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steel melting process 


Basically Steel is made by following methods.



Crucible and high-frequency methods

The crucible process has been superseded by the high frequency induction furnace in which the heat is generated in the metal itself by eddy currents induced by a magnetic field set up by an alternating current, which passes round water-cooled coils surrounding the crucible. The eddy currents increase with the square of the frequency, and an input current which alternates from 500 to 2000 hertz is necessary. As the frequency increases, the eddy currents tend to travel nearer and nearer the surface of a charge (i.e. shallow penetration). The heat developed in the charge depends on the cross-sectional area which carries current, and large furnaces use frequencies low enough to get adequate current penetration.

induction melting
(Figure 1)
Furnaces used for making pig iron and steels. RH side of open hearth furnace shows use of oil instead of gas

Automatic circulation of the melt in a vertical direction, due to eddy currents, promotes uniformity of analysis. Contamination by furnace gases is obviated and charges from 1 to 25 tonnes can be melted with resultant economy. Consequently, these electric furnaces are being used to produce high quality steels, such as steel bars, structure steel, ball bearing, stainless, magnet, die and tool steels.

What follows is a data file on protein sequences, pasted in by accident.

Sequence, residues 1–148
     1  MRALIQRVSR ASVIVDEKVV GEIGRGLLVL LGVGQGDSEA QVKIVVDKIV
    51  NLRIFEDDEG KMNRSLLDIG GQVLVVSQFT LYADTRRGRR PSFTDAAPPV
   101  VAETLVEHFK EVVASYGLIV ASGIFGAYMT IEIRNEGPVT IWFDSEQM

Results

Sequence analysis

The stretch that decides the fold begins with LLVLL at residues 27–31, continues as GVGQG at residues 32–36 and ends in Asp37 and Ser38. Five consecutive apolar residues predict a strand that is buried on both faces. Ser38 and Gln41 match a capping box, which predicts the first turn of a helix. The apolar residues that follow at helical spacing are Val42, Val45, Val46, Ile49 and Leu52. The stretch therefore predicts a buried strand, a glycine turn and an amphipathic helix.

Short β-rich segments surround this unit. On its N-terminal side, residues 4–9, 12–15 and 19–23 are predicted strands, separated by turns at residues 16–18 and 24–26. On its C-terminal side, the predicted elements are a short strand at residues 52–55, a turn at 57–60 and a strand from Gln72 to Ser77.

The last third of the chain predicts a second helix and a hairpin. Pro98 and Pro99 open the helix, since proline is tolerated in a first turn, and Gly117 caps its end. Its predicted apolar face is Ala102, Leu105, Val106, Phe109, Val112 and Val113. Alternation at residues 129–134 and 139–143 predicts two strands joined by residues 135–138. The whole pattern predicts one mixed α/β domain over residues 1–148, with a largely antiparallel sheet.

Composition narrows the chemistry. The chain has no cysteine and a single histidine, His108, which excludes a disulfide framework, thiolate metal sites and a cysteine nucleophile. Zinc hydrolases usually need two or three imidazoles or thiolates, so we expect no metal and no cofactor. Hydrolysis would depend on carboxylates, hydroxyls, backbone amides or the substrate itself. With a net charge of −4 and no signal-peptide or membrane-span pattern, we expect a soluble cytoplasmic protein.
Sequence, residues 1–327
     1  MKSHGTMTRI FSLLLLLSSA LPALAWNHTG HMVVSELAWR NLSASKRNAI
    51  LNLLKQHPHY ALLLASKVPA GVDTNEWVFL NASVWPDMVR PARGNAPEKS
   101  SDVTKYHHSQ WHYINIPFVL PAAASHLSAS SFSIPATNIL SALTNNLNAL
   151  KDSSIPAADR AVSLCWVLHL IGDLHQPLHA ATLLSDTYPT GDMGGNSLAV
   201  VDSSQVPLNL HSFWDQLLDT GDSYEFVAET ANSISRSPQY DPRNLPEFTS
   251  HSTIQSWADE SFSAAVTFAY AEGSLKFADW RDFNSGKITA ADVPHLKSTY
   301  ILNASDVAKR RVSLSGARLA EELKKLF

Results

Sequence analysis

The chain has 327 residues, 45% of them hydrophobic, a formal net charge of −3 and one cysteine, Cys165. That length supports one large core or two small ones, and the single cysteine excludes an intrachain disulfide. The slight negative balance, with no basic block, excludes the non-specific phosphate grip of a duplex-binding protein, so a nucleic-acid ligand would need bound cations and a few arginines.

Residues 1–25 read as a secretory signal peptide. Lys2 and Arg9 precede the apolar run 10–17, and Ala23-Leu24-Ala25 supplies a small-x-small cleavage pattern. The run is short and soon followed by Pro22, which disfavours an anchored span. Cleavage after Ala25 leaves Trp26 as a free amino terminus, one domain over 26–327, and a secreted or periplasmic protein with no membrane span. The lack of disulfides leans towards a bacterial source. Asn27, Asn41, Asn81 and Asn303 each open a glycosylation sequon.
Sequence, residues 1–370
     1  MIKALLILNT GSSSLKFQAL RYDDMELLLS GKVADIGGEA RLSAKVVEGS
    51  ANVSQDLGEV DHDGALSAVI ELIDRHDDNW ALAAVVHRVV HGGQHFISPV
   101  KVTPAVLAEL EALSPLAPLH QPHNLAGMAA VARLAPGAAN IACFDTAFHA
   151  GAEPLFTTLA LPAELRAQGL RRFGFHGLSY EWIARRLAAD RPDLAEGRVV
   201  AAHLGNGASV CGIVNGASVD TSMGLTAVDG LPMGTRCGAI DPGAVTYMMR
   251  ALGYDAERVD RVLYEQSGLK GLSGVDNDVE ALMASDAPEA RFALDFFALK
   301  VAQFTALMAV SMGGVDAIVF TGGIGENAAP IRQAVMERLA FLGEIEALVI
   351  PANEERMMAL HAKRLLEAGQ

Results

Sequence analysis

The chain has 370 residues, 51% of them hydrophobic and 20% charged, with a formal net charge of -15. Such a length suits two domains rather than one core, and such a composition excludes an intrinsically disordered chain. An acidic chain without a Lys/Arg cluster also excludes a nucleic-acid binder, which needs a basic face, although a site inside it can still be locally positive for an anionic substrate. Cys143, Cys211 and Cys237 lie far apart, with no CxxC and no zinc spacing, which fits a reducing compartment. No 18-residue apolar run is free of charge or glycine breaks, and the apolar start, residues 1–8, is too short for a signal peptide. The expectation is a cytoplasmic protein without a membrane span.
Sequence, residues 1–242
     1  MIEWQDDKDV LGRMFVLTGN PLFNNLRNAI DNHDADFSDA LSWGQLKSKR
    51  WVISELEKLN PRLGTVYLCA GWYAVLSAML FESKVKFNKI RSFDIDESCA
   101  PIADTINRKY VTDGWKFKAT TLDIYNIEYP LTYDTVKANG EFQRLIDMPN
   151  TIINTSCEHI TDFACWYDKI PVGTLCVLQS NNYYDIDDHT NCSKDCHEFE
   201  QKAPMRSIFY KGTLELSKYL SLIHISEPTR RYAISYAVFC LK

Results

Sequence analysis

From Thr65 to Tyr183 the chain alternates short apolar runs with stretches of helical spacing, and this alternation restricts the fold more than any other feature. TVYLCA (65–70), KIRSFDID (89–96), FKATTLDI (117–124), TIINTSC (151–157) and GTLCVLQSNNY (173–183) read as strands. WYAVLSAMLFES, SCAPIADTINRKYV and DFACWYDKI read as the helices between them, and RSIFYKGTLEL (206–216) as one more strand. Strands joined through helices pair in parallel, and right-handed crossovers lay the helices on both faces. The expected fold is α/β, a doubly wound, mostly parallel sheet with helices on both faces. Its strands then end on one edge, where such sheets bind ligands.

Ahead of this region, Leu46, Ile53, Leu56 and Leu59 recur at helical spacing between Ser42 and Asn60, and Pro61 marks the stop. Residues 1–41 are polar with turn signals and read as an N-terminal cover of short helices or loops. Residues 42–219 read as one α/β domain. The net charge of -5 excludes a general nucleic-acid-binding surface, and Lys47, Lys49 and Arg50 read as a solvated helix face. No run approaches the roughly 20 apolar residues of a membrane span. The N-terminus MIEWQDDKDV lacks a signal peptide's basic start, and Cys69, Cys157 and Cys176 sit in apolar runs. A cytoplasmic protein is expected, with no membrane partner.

Electric arc process

The heat required in this process is generated by electric arcs struck between carbon electrodes and the metal bath (Fig. 1). Usually, a charge of graded steel scrap is melted under an oxidising basic slag to remove the phosphorus. The impure slag is removed by tilting the furnace. A second limey slag is used to remove sulphur and to deoxidise the metal in the furnace. This results in a high degree of purification and high quality steel can be made, so long as gas absorption due to excessively high temperatures is avoided. This process is used extensively for making highly alloyed steel such as stainless, heat-resisting and high-speed steels.

Oxygen lancing is often used for removing carbon in the presence of chromium and enables scrap stainless steel to be used. The nitrogen content of steels made by the Bessemer and electric arc processes is about 0,01-0,25% compared with about 0,002-0,008% in open hearth steels.

Acid and basic steels